Pre-SMA

Friedman test was significant (P < 0.01) only for ipsilateral connections. The number of pre-SMA tracks directed to the ipsilateral striatum was larger for the middle than the posterior and anterior putamen (P < 0.02 for each comparison) and the caudate nucleus (P < 0.03).

Posterior Putamen

Friedman tests showed differences among the numbers contralateral tracks (P < 0.01) and a trend for ipsilateral tracks (P = 0.05). Ipsilateral connections of the posterior putamen to SMA and MC were similar (P = 0.26). The posterior putamen was more connected with the SMA and MC than with the pre-SMA (P < 0.03 for each comparison). The number of contralateral connections was higher with the pre-SMA than the SMA (P < 0.03).

Middle Putamen

Distribution of tracks were unequal among both ipsilateral (P < 0.01) and contralateral connections (P < 0.01). The middle putamen was more connected to the pre-SMA than to the MC and SMA for both ipsilateral (P < 0.02 for each comparison) and contralateral hemispheres (P < 0.05 for each comparison).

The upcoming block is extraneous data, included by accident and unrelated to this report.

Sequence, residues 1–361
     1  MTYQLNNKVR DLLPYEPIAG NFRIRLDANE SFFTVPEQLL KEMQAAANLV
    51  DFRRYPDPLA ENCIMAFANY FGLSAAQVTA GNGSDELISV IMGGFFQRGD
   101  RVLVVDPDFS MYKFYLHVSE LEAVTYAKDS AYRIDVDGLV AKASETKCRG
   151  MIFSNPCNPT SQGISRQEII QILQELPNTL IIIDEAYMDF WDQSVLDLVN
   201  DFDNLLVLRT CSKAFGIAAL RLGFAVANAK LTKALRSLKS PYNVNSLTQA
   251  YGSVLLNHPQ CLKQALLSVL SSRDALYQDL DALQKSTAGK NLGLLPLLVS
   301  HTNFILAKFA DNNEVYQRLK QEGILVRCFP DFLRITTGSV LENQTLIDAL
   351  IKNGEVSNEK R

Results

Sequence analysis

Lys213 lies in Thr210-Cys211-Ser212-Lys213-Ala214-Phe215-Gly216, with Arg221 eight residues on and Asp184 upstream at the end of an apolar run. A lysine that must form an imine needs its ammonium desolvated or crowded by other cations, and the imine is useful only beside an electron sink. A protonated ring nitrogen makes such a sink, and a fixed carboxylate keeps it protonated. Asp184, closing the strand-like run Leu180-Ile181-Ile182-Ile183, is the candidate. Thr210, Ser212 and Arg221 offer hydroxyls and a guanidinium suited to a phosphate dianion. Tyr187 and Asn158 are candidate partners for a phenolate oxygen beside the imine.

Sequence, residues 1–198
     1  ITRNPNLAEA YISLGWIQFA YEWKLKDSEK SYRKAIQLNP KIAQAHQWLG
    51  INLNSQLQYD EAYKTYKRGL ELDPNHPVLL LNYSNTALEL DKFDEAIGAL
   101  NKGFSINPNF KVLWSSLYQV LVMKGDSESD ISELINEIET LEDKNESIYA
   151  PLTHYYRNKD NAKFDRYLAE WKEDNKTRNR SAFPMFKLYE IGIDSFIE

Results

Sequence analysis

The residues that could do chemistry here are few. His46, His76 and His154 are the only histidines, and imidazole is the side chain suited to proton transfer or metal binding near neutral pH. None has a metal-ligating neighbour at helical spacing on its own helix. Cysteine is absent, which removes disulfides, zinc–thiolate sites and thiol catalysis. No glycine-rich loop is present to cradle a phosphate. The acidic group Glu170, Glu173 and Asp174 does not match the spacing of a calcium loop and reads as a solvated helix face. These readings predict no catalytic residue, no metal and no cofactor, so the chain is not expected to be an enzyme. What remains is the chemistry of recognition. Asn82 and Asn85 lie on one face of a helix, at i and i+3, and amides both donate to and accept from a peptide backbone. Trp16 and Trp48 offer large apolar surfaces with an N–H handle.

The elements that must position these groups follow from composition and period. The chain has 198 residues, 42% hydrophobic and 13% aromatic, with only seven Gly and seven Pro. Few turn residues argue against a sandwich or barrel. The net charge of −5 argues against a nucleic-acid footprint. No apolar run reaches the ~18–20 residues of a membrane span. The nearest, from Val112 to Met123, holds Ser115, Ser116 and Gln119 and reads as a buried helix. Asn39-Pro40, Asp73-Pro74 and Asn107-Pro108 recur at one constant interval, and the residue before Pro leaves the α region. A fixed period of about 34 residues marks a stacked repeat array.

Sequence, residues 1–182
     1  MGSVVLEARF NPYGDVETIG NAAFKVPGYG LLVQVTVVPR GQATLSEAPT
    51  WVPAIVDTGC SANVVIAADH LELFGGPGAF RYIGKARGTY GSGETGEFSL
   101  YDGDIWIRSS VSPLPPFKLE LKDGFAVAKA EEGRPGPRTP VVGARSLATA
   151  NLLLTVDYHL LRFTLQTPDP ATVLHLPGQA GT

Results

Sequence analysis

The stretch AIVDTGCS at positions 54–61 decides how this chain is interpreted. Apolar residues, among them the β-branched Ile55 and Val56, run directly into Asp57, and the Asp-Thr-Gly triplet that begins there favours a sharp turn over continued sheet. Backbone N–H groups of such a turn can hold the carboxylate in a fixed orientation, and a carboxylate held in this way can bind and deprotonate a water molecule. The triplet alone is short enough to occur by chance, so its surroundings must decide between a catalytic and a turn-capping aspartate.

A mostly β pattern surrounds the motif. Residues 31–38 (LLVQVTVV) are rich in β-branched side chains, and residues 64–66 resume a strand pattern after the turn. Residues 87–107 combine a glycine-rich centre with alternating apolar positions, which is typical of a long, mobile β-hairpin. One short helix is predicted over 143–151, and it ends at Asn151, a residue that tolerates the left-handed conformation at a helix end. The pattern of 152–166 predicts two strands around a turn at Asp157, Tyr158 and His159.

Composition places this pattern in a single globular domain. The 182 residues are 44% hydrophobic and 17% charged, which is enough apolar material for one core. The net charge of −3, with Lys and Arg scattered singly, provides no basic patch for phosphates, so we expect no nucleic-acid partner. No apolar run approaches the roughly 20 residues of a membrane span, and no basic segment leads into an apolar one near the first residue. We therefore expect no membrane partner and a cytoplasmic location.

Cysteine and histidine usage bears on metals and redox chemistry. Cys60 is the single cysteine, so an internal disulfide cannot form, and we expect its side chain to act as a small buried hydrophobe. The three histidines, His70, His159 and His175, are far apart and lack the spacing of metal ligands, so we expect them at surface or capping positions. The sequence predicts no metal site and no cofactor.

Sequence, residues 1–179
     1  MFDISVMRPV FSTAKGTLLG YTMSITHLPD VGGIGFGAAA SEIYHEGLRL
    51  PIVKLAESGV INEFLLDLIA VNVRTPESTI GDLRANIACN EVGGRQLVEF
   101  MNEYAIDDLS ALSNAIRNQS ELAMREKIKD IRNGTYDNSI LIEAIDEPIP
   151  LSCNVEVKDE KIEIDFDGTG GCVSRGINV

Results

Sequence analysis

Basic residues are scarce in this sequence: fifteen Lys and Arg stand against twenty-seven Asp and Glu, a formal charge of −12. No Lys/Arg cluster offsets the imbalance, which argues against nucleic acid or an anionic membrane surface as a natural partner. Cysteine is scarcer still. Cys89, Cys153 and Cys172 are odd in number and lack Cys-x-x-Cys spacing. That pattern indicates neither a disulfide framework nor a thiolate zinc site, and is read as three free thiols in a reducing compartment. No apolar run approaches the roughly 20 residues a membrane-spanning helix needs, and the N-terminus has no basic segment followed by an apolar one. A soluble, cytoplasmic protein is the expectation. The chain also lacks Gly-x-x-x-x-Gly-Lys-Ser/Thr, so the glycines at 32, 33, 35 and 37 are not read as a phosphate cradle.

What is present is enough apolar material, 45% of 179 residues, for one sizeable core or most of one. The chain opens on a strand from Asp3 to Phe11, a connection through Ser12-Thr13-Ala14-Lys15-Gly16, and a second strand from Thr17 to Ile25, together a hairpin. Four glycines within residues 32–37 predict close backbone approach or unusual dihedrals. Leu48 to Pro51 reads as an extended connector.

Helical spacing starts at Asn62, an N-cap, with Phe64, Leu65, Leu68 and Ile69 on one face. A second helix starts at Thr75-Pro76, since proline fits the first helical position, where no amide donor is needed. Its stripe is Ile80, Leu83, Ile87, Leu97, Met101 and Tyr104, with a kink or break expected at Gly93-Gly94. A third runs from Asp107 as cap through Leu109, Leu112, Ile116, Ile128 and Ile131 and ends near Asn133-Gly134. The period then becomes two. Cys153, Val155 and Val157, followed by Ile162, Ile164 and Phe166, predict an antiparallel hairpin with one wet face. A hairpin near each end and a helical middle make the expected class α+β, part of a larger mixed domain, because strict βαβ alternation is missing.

Anterior Putamen

Difference in the distribution of tracks to both ipsilateral (P = 0.09) and contralateral hemispheres (P = 0.06) did not reach significance, thus no further statistical analysis was conducted.

Caudate Nucleus

Distribution of tracks were unequal among both ipsilateral (P < 0.05) and contralateral connections (P < 0.03). The caudate nucleus was more connected to the ipsilateral pre-SMA than SMA (P < 0.05) and MC (P < 0.06) and was more connected to the contralateral pre-SMA than MC (P < 0.05).

For all striatal regions, absence of contralateral connection to the MC yielded significant differences when compared to pre-SMA (P < 0.05 for each comparison). When compared to SMA, a significant difference was only detected for the posterior putamen.

Discussion

Our findings show that the MC and the SMA have connections with similar parts of the posterior putamen, whereas the pre-SMA sends connections to more rostral parts of the striatum, including the associative compartment. This study provides the first demonstration in humans that motor/posterior premotor areas and anterior premotor areas projections to the striatum are organized in distinct circuits along the caudo-rostral axis.